From its Medieval heritage to its captivating modern edge, Nuremberg is a city brimming with history and yet embracing the contemporary. Take trains to Nuremberg and discover it for yourself. Located in the southern state of Bavaria in Germany, roughly 160km north of Munich, Nuremberg is one of the country's most picturesque destinations. It epitomizes the gingerbread-style old town of Christmas memories while featuring chic restaurants, nightclubs and beer gardens to rival any of its larger German counterparts.
It's the second largest city in Bavaria and is situated north of the state's capital Munich. The city is served by a large central station, known as Nuremberg-Hauptbahnhof (Hbf) connecting it to both German and international destinations such as Berlin, Cologne, Prague and Vienna. Upon arrival in Nuremberg, you'll find yourself in a diverse city with a fascinating and sometimes difficult past. Known for being the base of the Nazi Party, a visit to the rally ground and the courtroom of the post-war trails is a sobering but wholly worthwhile experience. Other highlights of a trip to the city include exploring the old city walls and the majestic castle which dates back to the 15th century. There are also plenty of excellent museums to visit, many of which can be visited on the single-purchase municipal ticket.
Nuremberg Castle: The castle, which dates back to 1495, dominates the city's old town. The gates of the castle offer fantastic views and there is also a museum which details the history of the fortification and many companies offer tours in English.
Courtroom 600: Famed as the court at the centre of the Nuremberg Trials, courtroom 600 is still a working court building and so can only be visited on a Saturday.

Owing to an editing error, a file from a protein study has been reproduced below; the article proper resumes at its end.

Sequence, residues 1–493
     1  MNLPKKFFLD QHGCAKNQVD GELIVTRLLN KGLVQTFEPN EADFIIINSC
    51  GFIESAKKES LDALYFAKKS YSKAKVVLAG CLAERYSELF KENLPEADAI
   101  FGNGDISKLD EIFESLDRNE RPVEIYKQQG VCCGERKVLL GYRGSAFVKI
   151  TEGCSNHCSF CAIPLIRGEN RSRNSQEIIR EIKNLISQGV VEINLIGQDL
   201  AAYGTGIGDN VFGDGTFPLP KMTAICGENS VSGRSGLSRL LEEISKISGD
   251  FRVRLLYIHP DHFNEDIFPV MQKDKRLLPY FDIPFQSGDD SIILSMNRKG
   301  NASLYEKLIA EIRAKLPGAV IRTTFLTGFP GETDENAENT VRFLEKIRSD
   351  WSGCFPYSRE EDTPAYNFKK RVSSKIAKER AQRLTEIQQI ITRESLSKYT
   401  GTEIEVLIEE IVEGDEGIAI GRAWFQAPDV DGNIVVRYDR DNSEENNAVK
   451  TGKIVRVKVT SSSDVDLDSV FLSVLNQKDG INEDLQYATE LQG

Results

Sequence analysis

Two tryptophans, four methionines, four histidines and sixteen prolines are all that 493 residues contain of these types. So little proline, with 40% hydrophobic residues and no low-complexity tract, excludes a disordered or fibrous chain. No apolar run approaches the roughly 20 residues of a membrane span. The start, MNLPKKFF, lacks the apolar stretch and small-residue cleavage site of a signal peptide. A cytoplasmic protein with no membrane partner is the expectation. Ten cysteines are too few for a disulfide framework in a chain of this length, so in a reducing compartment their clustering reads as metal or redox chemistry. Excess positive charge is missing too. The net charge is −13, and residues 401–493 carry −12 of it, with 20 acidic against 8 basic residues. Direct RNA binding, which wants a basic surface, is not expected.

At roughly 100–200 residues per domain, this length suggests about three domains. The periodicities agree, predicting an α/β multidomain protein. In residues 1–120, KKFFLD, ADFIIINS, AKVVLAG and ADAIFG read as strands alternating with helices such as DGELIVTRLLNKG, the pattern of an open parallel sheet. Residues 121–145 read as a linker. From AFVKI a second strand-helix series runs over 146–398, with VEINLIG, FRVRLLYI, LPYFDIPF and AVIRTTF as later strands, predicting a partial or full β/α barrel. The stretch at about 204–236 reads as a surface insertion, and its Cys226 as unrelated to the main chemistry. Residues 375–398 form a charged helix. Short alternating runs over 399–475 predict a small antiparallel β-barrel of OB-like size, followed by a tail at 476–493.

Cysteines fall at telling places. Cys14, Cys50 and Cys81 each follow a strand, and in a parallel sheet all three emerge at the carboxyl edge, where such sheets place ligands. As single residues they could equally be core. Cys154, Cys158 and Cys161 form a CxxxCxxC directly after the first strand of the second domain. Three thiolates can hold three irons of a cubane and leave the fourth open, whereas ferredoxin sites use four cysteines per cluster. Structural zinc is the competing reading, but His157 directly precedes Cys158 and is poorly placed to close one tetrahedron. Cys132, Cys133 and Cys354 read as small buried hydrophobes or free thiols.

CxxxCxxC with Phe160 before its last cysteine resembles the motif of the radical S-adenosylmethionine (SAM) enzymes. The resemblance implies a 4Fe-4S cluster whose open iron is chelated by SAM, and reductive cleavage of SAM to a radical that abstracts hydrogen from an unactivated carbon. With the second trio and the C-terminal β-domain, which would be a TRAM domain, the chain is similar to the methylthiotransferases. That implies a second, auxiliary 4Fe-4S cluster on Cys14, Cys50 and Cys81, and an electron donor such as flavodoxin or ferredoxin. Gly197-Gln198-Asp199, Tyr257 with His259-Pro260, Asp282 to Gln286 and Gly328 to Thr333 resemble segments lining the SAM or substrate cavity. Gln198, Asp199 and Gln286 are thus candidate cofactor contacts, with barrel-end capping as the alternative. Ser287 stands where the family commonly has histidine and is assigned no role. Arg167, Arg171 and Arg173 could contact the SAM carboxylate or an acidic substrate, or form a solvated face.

Art Bunker: The bunker is only accessible as part of a guided tour but a visit to this subterranean hideout is a must. Head underground and discover the place where prized possessions and artwork were stored during the Second World War.
City Walls: Most of the old city walls which saved the city from invasion remain intact today. You can also visit the five gates which still stand tall above the city.
Rally Grounds: The area around Bayernstraße was the location of the party rallies before the war and after they had designated Nuremberg their campaign headquarters. A must for those who love history.
Christmas Market: If you happen to be in Nuremberg in December, don't miss out on the opportunity to sample one of the many Christmas markets that litter the city.
When travelling by train from London to Nuremberg, your journey starts at London St Pancras International station on a Eurostar service to Paris Gare du Nord station. Upon arrival in Paris, you'll transfer to an SNCF service for Cologne before finally taking Deutsche Bahn ICE train from Cologne to Nuremberg via Frankfurt. This is only one route example and other variations are also possible. For instance, you could take the Eurostar to Brussels and travel to Cologne and Nuremberg with ICE services from the Belgian capital. The first train leaving London for Nuremberg departs at 06:47 while the last service leaves St Pancras International at 17:31. The average travel time for trains to Nuremberg from London is 10 hours and 45 minutes. However, if you selected the times and services correctly, you can reduce the travel time by almost 3 hours to just over 8 hours. On the average working day, there are 11 services that connect London and Nuremberg.
Nuremberg-Hauptbahnhof (Hbf) is an important transit hub and the largest station in North Bavaria. Also referred to as Nuremberg Central station, it's connected to many major German and international destinations including Berlin, Munich, Leipzig and Frankfurt. Vienna and Prague are served by trains from Nuremberg Hbf. Apart from the usual amenities, there are a number of bars, restaurants, ATMs and a left luggage facility at the station. There is a taxi stand outside the entrance to the building and most of the station enjoys step-free access for those with limited mobility. Station Square, located directly outside, is a central hub of Nuremberg and is a short walk from the historic city centre. The original architecture was primarily Gothic but transformed into a Baroque style by the designer Karl Zenger after the station was rebuilt in 1900. Other stations in Nuremberg include Nuremberg-Durrenhof, Nuremberg-Steinbuhl, Nuremberg-Rothenburger Strasse, Nuremberg-Gleisshammer and Nuremberg-Dutzendteich.